Obedience makes for happy dog and owner

March 31, 2004|SALLIE BRIGHT

To have a harmonious relationship with your dog, you must teach him the rules of your house in a way he understands. You can't expect your dog, to arrive at his new home knowing exactly what to do. Nor can you expect him to learn if you shout and hit him when he does something wrong without rewarding him for good behavior.

When puppies and dogs are returned to an animal shelter, the reason is nearly always related to obedience.

"He kept jumping on the children." "She dug holes all over the yard." "He kept peeing on the carpet."

All of these behaviors are typical and must be altered if there is to be harmony between the dog and his new family. That's why the DBCHS offers a free obedience class.

Taught by dog trainer Cheri Carbone, class sessions are scheduled for 1 p.m. the first Saturday of each month at the Boyle County


Fairgrounds on the bypass beside the animal shelter. Any adopted puppy or dog is welcome to attend the class (as long as his human comes with the canine on leash).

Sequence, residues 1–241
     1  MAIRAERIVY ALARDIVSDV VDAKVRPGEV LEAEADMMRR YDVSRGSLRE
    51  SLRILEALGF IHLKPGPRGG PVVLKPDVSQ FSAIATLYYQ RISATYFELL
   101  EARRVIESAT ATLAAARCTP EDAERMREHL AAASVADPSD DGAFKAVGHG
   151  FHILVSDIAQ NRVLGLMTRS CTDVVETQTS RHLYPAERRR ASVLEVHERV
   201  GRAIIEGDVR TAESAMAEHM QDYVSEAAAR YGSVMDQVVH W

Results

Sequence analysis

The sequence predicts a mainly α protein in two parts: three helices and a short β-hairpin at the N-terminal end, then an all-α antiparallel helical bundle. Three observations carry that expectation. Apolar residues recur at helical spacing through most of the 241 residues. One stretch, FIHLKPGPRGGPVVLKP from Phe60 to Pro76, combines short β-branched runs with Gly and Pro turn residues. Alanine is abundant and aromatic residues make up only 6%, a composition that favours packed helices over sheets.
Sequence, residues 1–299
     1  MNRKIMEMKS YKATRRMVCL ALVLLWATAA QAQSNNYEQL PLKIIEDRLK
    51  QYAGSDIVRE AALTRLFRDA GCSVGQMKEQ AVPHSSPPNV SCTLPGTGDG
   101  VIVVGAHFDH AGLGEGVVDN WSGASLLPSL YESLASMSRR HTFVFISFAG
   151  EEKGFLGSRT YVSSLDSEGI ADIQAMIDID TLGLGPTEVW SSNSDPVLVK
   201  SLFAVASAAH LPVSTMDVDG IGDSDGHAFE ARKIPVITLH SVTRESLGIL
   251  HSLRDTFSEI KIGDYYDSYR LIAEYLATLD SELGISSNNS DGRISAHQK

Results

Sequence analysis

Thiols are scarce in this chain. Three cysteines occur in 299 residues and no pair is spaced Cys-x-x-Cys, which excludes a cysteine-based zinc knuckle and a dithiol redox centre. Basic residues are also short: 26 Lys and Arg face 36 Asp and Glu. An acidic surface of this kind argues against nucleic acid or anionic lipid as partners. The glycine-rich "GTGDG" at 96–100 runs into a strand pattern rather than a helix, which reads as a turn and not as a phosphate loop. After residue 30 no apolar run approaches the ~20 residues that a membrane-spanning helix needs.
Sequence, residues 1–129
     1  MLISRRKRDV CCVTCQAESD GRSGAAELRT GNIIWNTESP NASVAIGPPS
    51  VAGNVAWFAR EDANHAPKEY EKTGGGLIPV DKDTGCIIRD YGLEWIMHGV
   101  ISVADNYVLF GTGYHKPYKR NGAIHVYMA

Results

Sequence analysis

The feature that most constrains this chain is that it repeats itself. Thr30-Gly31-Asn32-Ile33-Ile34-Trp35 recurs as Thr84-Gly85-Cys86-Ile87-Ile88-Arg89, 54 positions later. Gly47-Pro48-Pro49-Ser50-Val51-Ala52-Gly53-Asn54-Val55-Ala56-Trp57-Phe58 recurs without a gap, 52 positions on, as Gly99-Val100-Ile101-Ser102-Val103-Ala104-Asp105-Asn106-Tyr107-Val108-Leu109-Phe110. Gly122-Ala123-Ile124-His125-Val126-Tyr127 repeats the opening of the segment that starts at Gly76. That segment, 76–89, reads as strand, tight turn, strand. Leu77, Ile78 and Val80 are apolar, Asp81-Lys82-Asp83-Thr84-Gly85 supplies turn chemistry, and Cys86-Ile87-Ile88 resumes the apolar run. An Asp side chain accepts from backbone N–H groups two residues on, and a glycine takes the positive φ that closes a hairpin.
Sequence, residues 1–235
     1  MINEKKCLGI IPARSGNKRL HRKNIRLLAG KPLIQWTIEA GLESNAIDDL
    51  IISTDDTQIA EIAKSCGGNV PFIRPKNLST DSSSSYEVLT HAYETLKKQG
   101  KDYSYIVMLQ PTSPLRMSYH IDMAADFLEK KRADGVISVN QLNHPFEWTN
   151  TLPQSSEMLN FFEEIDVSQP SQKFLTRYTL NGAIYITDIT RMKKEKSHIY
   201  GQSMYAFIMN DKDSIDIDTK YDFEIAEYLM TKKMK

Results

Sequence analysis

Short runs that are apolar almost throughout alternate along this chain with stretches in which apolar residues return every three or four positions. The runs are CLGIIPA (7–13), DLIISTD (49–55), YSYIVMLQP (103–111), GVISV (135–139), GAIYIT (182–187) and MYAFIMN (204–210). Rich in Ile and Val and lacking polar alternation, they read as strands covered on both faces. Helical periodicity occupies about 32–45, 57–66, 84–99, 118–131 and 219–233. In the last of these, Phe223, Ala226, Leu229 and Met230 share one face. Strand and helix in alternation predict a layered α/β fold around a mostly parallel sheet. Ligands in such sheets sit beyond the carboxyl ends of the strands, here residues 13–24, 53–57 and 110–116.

Obedience tips

Here are a few obedience tips from the website

* When training your dog, keep things simple. Use one- or two-word commands and use the same words consistently. A common owner mistake is interchanging the words "sit down," "sit here," and "here boy, sit." Theses are all common and confusing variations on the correct command "sit."

* While dogs may not immediately understand what we are saying, they are masters of understanding how we say things. Instead of using a questioning tone or a gruff, loud tone, give a calm, controlled, confident, "Rover, sit." Place him in position and praise him. He'll learn to respond to a normal tone with a wagging tail.

* Dogs learn to associate the words you say with the actions they are doing at the moment you say it. So if you chant "Off, off, off" at a dog who is jumping on you, he is learning that "Off" means jump up. Either wait and say the command as your dog is doing the behavior you desire or use a lead and collar or treat to guide the dog into what you want him to do.

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